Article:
The Ashburton Guardian. Magna est Veritas, et Prevalebit. MONDAY, JUNE 5, 1882. The Electoral Laws.
TOWN EDITION. [lssued at 4.40 p. in. j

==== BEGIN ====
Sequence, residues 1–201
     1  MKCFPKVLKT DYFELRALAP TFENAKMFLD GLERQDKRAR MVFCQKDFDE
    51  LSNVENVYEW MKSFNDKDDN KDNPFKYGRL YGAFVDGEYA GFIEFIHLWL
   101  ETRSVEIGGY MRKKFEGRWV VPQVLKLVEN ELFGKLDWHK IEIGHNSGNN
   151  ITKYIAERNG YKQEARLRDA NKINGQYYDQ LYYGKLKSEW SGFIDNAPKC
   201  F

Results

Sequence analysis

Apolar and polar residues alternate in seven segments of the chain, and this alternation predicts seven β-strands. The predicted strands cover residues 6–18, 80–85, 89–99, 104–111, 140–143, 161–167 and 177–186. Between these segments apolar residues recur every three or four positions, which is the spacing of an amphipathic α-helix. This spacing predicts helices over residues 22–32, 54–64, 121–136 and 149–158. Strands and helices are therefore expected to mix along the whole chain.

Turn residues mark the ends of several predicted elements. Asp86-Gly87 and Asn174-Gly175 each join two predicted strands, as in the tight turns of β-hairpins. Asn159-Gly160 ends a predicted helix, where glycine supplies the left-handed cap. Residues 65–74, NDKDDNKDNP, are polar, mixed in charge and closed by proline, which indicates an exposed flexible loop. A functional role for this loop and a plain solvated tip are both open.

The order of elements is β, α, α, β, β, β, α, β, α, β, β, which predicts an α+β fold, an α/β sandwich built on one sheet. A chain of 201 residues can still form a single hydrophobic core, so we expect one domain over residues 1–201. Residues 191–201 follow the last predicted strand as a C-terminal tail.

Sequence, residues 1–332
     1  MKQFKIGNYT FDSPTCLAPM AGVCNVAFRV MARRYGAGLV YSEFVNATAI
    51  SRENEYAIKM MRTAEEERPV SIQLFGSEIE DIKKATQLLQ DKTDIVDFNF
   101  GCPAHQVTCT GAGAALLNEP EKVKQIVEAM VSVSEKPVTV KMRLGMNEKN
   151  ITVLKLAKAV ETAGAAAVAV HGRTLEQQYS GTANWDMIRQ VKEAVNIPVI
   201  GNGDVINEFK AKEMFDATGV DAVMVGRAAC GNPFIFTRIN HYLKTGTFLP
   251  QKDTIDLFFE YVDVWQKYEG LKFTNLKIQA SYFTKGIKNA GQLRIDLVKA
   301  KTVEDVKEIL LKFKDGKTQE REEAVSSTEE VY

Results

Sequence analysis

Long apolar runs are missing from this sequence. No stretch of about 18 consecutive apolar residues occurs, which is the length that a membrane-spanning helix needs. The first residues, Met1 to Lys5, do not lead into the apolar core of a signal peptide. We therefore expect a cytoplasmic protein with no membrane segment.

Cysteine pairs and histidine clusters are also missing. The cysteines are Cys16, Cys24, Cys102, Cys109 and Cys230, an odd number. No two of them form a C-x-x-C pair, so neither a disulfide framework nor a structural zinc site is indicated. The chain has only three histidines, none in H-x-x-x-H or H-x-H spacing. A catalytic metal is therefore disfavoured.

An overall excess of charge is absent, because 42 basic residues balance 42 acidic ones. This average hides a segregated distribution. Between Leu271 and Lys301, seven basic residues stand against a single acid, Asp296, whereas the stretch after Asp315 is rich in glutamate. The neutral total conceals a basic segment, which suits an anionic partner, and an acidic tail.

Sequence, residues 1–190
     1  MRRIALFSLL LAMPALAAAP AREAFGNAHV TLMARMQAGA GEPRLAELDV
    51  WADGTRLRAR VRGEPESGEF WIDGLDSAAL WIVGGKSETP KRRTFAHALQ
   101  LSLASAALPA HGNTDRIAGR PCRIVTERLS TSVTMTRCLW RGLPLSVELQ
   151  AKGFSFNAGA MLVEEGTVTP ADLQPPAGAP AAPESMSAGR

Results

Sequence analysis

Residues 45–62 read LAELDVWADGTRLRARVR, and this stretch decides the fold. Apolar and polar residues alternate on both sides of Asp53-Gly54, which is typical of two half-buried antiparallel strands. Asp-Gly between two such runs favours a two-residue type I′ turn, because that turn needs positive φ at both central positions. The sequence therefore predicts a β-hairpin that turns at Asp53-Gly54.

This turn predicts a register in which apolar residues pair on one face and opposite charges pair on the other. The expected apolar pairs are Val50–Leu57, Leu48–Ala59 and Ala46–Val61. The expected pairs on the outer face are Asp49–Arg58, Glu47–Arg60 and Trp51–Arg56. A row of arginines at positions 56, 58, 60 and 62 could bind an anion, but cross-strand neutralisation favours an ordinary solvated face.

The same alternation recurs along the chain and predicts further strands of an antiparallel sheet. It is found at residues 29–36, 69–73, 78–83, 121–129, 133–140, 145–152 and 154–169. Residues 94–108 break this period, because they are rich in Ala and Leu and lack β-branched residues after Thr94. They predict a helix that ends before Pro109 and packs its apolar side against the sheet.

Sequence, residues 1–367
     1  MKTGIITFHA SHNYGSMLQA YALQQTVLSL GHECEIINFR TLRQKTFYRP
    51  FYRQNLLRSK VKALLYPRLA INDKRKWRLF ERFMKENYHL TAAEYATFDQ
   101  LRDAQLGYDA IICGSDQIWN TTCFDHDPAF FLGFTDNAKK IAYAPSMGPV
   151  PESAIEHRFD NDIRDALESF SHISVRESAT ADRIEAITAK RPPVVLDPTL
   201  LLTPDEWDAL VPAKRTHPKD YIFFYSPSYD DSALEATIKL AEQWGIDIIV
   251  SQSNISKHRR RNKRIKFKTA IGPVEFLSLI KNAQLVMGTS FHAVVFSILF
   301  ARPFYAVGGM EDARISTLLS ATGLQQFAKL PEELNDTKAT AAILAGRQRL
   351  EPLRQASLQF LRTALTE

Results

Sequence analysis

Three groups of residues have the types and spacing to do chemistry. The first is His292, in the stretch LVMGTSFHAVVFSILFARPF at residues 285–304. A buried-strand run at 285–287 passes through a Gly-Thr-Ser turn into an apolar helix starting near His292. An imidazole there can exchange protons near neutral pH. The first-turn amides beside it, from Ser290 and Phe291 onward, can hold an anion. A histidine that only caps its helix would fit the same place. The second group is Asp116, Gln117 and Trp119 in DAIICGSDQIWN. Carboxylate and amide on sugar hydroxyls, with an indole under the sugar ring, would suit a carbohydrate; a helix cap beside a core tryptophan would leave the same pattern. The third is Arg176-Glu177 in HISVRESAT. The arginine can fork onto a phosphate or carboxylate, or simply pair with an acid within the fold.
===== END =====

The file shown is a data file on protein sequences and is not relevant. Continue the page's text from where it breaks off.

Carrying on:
We recently took occasion to point out the necessity which existed for an immediate alteration in tlie electoral laws of the colony. The ; matter has been brought into prominence at this juncture by the recent issue of the Supplementary Roll (No. 3) for the Wakanui district, with its 300 and odd names, among which, no doubt, are some having every right to be found there. But we do not hesitate to affirm that the vast majority have no moral right, and that very many have neither legal nor moral right to a place on that roll. And as the law now stands those persons who would fain purge the roll, and see the now near approaching election decided by the bona fide electors of Wakanui, are powerless to get those names removed, although they know full well that many of thtem cannot legally claim a place on the roll. With the law as it at present stands it is an utter impossibility to keep the electoral rolls of the colony pure, for if, after the present contest, the names illegally placed on the roll for Wakanui are erased, the same “rigging” process will be resorted to the next time an election takes place in which one of the candidates may be a man who thinks that the end justifies the means. It is true the Registration of Electors Act states that it shall be the duty of the Registrar to “ make inquiries ” as to the truth of the particulars stated on the claims for enrolment. This may be a bit of a safeguard as far as the property qualification is concerned, but as regards the residential qualification the clause is almost a dead letter, especially in a scattered country district. It has been held, and very rightly, too, that the writs being once issued for an election the roll for the district concerned is final, and no matter how many aliens or other persons not qualified may be on it, they can, "one and all, put in an appearance at the ballot box and claim to record their votes. It was through a misreading of the law in this respect by one of the Deputy Returning Officers last December which has caused the present unfortunate contretemps in connection with the Wakanui seat. The electoral rolls being, as., we have said, held in law to be perfect, points to the necessity of their being closed a sufficient time before the issue of the writ for an election to enable the names of those not qualified to be struck off the roll, and thus prevent their taking part in a matter with which they have no legal right to interfere. This would effectually prevent an unscrupulous candidate —and, unfortunately, there are such, we find—working the oracle and virtually disfranchising the real electors of a district. There is another clause of the Act to which we take exception, and that is what may be termed the “ transfer’ ” clause. By its provisions many names can be placed on a roll which have not the slightest right to be there. For instance, all that a man claiming under the residential clause for Ashburton has to do to secure a vote for Wakanui is to go and live for a month prior to the closing of the roll just outside the belt or at Tinwald, and he can claim a vote for the Wakanui district. It is easy to see how such a privilege may be abused—in fact, we pointed out one instance of such a sharp practice in our article of Tuesday last, and no doubt there are many such. There is another provision of the Act which, we think, should be made more stringent, and that is clause 24, which provides that “ any person who knowingly and wilfully makes a false statement in any application, certificate, or declaration, shall be liable to a penalty not exceeding This, we agree with our contemporary, the Dunedin Stat, is not a sufficient preventative. The offence of making a false declaration on a claim to vote should be'punished by a term of imprisonment, and not merely a fine. If the law remains as at present, no man with clean hands will be found to contest the seats for the Assembly at all, for he will see how almost hopeless is the struggle should he happen to be pitted against a mah whose sense of right and wrong is not of the keenest; and, as a consequence, political blacklegs will be permitted to scramble for the honorarium amongst themselves, while honest politicians, who would scorn to fight them with their own weapons, will look on in disgust. If it is possible for good to come out of evil,, perhaps the fact of the evil being made so glaringly apparent in the case of Wakanui may draw attention to the facilities which the law at present holds out for fraud, and we may hope to speedily see the much needed amendments we have noted become law